14. Any other number systems? • The good news about number systems is that it is not the only choice to have 10 different values in a digit. • Actually, we can have base-anything number systems from a theoretical point of view. • There are many good reasons to use different bases in different situations. For example, 7 days/week, 12 months/year

  15. A generalized rule • The following rules apply to base 10 and to any other base number system: • The system of base n requires n different symbols or values. • The left most digit is the highest-order digit and represents the most significant digit, while the lowest-order digit is the least significant digit. • A digit is represented as powers of the system's base.

  16. Computers happen to operate using the base-2 number system, also known as the binary number system, just like the base-10 number system is known as the decimal number system to human beings.

  17. The fundamental point • Modern computers use binary number system, in which there are only zeros and ones. (Only two symbols) • A “bit” to binary is similar a “digit” to a decimal information. (Again, the easiest way to understand bits is to compare them to something you know: digits.) • A bit has a single binary value, either 0 or 1.

  18. Binary vs. Decimal • Binary is a base two system which works just like our decimal system. • Considering the decimal number system, it has a set of values which range from 0 to 9. • The binary number system is base 2 and therefore requires only two digits, 0 and 1.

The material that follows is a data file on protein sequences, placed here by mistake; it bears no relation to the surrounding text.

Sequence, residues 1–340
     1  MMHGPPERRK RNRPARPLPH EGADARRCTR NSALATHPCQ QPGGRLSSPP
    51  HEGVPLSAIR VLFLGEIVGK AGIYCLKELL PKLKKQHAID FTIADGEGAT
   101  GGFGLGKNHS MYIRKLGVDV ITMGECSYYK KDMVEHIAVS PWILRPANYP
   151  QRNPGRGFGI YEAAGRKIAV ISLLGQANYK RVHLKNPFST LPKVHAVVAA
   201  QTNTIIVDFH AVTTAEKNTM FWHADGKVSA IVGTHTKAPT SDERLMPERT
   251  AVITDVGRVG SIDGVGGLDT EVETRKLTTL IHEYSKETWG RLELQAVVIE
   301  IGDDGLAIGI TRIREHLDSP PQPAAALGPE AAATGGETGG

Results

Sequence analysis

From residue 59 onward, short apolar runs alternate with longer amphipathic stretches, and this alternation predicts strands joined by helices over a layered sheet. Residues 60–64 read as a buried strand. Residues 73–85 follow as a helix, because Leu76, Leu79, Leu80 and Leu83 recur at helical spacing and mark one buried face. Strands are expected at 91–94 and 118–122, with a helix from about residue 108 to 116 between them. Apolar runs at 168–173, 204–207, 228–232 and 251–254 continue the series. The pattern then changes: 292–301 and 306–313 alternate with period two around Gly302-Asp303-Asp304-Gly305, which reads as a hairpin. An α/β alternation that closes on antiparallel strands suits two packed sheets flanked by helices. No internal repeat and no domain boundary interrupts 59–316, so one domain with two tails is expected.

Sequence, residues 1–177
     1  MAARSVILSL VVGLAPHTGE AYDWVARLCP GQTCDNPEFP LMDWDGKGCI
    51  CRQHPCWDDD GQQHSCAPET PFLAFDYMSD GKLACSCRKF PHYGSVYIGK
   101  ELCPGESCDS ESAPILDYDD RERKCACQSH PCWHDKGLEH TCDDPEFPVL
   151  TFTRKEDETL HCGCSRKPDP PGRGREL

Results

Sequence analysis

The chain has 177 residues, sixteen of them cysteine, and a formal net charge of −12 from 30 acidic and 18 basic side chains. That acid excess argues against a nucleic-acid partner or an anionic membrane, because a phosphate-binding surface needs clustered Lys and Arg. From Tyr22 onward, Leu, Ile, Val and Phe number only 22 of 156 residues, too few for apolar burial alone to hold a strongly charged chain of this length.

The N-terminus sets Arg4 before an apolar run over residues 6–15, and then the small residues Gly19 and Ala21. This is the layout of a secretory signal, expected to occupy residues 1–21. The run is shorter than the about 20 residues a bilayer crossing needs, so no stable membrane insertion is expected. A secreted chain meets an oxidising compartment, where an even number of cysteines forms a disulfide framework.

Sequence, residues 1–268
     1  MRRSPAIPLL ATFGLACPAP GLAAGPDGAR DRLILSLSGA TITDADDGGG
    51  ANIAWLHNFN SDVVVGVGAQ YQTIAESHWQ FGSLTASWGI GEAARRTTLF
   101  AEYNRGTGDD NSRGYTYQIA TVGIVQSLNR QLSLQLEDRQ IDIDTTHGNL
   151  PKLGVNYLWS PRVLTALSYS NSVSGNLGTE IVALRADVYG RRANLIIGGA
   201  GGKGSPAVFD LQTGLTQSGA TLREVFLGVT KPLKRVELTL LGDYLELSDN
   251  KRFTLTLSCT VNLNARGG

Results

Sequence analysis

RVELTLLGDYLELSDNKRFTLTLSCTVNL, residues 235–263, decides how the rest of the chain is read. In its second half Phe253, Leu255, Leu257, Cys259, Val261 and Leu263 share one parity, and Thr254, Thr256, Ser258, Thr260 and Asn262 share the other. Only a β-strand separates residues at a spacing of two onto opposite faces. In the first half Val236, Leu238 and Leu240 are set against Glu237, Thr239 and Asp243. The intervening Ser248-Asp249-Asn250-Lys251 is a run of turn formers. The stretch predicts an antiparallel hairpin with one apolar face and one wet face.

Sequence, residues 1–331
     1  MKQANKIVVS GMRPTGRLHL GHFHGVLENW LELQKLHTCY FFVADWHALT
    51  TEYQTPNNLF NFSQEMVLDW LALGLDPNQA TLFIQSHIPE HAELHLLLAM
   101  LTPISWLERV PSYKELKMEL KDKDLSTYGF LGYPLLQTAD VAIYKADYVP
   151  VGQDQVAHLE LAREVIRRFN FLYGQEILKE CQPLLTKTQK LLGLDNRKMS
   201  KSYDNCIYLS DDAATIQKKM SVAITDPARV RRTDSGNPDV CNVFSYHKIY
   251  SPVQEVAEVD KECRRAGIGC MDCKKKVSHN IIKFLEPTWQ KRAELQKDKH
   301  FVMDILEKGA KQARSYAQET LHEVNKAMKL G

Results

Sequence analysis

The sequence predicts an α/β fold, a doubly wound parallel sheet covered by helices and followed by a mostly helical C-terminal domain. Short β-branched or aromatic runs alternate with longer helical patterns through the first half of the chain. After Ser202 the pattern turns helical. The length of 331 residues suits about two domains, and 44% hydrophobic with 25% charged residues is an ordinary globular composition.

19. The fundamental point • Binary representation of numbers and other information is the representation which can be understood by computer chips and can be saved in memory. • It is important to computers because all computer data is ultimately represented by a series of zeros and ones, no matter you realize it or not.

  20. You might ask • Why don’t computers use the base-10 decimal system for numbers, counting and arithmetic? • Why not 4 based, 7 based? • Why 2 based?

  21. We know that the computer doesn't have a real brain inside. In fact, it is made up mostly of semiconductor materials such as silicon. Yet, a computer acts in many ways as if it does have a real brain, because it can store (memorize) data and derive new information (operations) from the input data.

  22. Why binary? • These questions can be answered by a series of relevant questions! • How to store the values in hardware? • How to automatically perform arithmetic operations on numbers? • …

  23. The fundamental question is can we find out a physical material to stably maintain n different status?

  24. How to store? • Advancement in material science guarantees that binary status can be represented with no ambiguity. • Silicon and many other semiconductor materials can present one of two status at any given time, and can retain a status for a long time. • Positive or negative, +5 volt or -5 volt. • Think about 2 status in electronic world, if not One then Zero, very simple to implement in electronic world.

  25. One the other hand, it is difficult, if not impossible, to find out a material to be able to maintain 10 different status stably. • Generally speaking, the more status to maintain, the more difficult to find out such a material.

  26. How to calculate • Another factor is how to implement proper digital circuits to perform arithmetic and logical operations based on a specific number system. • It turns out that the binary system is the preferred way to implement CPUs to do various operations (arithmetic and logical operations). Not any other systems!